Summer is the most popular season for hiking and climbing in the Dinaric Alps, but the mountains are beautiful throughout the year. Owing to the complex climate influences at play in the region, the seasons vary in different parts of the chain.
For the adventurous of spirit, winter is a great time to hike the Dinaric Alps © Miro Sumanović
A thick layer of snow covers most of the Central Belt during winter, and most local mountain roads are closed from October to May. For the adventurous of spirit, winter is a great time to hike the Dinaric Alps. It is the least crowded period, the snow can be walked upon after it hardens in January, and the air is the clearest. Winter is also a good time to climb the Maritime Belt, which is usually without snow, and is less crowded than at other times of the year.
Snow usually remains in the high mountains through the spring, but lower areas become more approachable beginning in March and April. On the coast and in lower Herzegovina, the sun warms the air quickly as spring begins. People swim in the Adriatic Sea as early as April – though, admittedly, mostly only the brave. Late spring is a wonderful time to visit anywhere in the Dinaric Alps, as the flora awakens, plants are in bloom, and light green shades begin to grace the woods and meadows.
Summer (July–August) is the high season for outdoor activities. Most of the remaining snow melts away in June, and shepherds travel to their summer settlements high in the mountains. This is the time when most tourists visit the mountains, but because it is also the time when most locals travel to the coast, trails are not crowded. It can be very hot and sunny in the Dinaric Alps during the summer, especially in the Maritime and Northeastern belts, as in the Pannonian Plain, and a light mist can often obstruct the full distance of great views. In Mediterranean areas, be careful to carry enough water at all times, consider taking breaks during the middle of the day, and do not expect much shade or other relief from high temperatures. August is the month with the lowest average rainfall in high-altitude areas.
Early autumn is a lovely time to explore the Dinaric Alps. Temperatures cool but remain warm, forests become alive with colour and high mountain meadows turn golden-yellow. The weather changes in late autumn, which is by far the rainiest period, and is accompanied by pervasive fog. Mountain peaks remain under clouds for days or even weeks, and receive higher amounts of precipitation than lower areas. In November and especially in December, winter temperature inversions begin, which are characterised by higher air pressure pushing long-lasting cold fogs into the valleys and lowlands, leaving mountaintops clear and sunny – classic conditions for the Balkan ski season!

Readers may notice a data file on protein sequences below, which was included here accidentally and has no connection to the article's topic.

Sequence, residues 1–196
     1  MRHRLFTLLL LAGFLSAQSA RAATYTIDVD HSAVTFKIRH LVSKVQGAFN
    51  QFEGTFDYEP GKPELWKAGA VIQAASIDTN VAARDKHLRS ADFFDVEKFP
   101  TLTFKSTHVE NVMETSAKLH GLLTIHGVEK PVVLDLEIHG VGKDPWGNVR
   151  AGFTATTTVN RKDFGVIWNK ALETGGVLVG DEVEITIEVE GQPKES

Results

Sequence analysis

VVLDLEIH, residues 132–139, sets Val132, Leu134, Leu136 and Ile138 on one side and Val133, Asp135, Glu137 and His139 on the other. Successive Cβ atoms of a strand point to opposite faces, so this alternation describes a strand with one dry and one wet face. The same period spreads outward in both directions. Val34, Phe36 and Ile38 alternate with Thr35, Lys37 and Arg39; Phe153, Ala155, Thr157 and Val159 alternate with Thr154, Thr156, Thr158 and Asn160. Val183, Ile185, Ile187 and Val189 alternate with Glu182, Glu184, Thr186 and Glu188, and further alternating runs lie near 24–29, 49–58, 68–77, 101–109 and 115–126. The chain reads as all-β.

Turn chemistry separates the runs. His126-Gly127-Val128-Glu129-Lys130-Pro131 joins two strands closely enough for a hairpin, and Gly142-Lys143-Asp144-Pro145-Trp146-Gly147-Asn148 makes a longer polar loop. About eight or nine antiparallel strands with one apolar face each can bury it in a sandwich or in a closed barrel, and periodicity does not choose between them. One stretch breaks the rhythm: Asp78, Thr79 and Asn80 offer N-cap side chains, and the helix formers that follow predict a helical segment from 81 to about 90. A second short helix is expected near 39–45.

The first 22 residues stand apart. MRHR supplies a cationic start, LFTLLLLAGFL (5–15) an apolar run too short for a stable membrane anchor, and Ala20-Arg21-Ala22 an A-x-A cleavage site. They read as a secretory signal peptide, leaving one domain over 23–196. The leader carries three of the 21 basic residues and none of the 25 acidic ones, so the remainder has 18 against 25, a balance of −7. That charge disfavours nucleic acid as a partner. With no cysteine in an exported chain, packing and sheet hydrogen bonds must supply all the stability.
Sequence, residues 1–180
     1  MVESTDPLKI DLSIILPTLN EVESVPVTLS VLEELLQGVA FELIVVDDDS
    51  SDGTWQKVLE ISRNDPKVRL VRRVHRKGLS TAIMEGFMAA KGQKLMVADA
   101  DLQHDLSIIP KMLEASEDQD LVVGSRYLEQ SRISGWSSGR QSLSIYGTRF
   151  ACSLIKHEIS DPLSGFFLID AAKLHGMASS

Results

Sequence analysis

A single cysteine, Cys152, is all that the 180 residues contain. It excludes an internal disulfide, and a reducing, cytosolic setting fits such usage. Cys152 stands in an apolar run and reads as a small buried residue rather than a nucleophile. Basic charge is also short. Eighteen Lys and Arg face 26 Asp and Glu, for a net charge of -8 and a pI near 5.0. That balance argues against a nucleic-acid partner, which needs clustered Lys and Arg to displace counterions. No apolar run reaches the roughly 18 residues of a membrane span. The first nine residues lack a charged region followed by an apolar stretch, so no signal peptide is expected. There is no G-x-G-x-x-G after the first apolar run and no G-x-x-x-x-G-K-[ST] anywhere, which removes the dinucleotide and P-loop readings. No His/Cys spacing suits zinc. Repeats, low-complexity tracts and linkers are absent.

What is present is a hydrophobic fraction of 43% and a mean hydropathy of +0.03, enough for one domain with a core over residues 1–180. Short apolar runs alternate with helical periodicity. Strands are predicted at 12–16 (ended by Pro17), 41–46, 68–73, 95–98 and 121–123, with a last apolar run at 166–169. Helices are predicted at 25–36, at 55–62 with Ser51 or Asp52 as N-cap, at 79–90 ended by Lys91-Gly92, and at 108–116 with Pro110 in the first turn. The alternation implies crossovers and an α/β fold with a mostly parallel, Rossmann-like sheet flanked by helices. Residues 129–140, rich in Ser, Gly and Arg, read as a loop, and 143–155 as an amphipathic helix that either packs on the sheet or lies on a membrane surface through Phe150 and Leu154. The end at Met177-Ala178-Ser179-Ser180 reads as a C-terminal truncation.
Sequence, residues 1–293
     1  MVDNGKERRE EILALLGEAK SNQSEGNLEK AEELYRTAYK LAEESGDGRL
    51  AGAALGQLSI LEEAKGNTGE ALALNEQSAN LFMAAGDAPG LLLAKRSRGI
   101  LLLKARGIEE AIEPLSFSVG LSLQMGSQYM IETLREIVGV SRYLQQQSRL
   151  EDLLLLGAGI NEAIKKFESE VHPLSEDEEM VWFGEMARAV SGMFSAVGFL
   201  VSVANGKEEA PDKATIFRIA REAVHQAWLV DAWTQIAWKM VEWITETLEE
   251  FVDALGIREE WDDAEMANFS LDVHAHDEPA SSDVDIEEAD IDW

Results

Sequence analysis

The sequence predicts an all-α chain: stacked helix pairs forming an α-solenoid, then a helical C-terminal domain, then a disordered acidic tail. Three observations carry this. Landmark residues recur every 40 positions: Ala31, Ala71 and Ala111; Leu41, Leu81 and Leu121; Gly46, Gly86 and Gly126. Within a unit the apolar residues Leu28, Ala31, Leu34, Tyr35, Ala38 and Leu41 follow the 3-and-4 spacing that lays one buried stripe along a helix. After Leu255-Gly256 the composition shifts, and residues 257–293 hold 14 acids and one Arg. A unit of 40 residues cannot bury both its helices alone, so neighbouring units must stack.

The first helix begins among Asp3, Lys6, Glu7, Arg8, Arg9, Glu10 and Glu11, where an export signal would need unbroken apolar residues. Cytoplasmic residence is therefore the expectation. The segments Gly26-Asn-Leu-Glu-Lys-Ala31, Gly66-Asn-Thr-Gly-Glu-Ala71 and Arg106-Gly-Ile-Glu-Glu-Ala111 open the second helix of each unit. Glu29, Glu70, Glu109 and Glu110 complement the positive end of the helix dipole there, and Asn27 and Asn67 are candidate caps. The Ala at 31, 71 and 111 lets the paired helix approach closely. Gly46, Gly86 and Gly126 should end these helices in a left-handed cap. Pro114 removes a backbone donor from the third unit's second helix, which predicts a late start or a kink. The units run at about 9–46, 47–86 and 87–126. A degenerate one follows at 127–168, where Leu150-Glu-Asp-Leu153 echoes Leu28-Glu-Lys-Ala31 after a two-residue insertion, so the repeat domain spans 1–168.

Hajdučka vrata, or the ‘Rebel’s Door’ as it’s called, is a large, perfectly circular geological formation © Kenan Muftić
Blidinje Nature Park
Blidinje is the natural point to start the real trekking on the Via Dinarica White Trail from the west. Blidinje is a vast valley, with a beautiful lake, ski centre and Franciscan monastery. The hike up to Vilinac on Čvrsnica Mountain from here is steep but an exceptionally beautiful hike with many rewards at the top.
Vilinac is a peak on Čvrsnica Mountain, where a small mountain hut of the same name is located. It can boast to having one of the best views to wake up to on the entire Via Dinarica in BiH. The hut is not open all year round so be sure to check for opening times and availability but it’s definitely a hotspot to spend the night high up on the White Trail.
The ‘Rebel’s Door’, as it’s called, is a large, perfectly circular geological formation on the White Trail between Vilinac and Plasa on Čvrsnica Mountain. It’s well worth the detour to scramble around on the rock formations and enjoy the stunning views of Diva Grabovica below and Prenj Mountain (the following stage on the White Trail) on the horizon.
Prenj – Herzegovinian Himalaya
Although Prenj Mountain is not the highest in the country, it is known to hikers as the mother of all mountains in Bosnia and Herzegovina. Its jagged peaks and daunting climbs have earned it the nickname of ‘Herzegovina’s Himalaya’. Hiking here is challenging and good navigational skills are necessary.
This semi-glacial lake is the reward after a challenging four days on Prenj Mountain. It is also accessible by car from the town of Konjic and is a good base from which to head either east or west on the Via Dinarica trail. It is a great swimming hole with plenty of accommodation facilities nearby, and is the location of many of the rafting operators who offer white-water rafting on the Neretva River.
The White Trail passes through this ancient village, the highest and most isolated mountain village in Bosnia and Herzegovina. This quaint, medieval-style highland settlement is the perfect place to overnight and experience the highland cultures that have long faded from Europe’s mountain communities. There is a beautiful mountain lodge that offers good accommodation and excellent food.
From the Boračko Lake area all the way to the village of Umoljani, the White Trail follows the ridges of the Rakitnica Canyon, one of Europe’s least-explored river canyons. The ridge walks along this 800m-deep canyon are world class and there are several access points for those with an adventurous spirit to scramble down to the river for a swim and to stare in awe at this raw beauty.
Sutjeska National Park
This place has been coined the ‘Yosemite of the Balkans’ with good reason. The park is home to the country’s highest peaks and a rich population of wildlife. It is, however, best known for the Perućica Primeval Forest (one of two remaining in Europe) and for its historical significance. This is where Tito’s Partisans broke through the Nazis in a decisive battle during World War II. The monument in the Tjentište Valley is a pilgrimage for many nostalgic former Yugoslavs.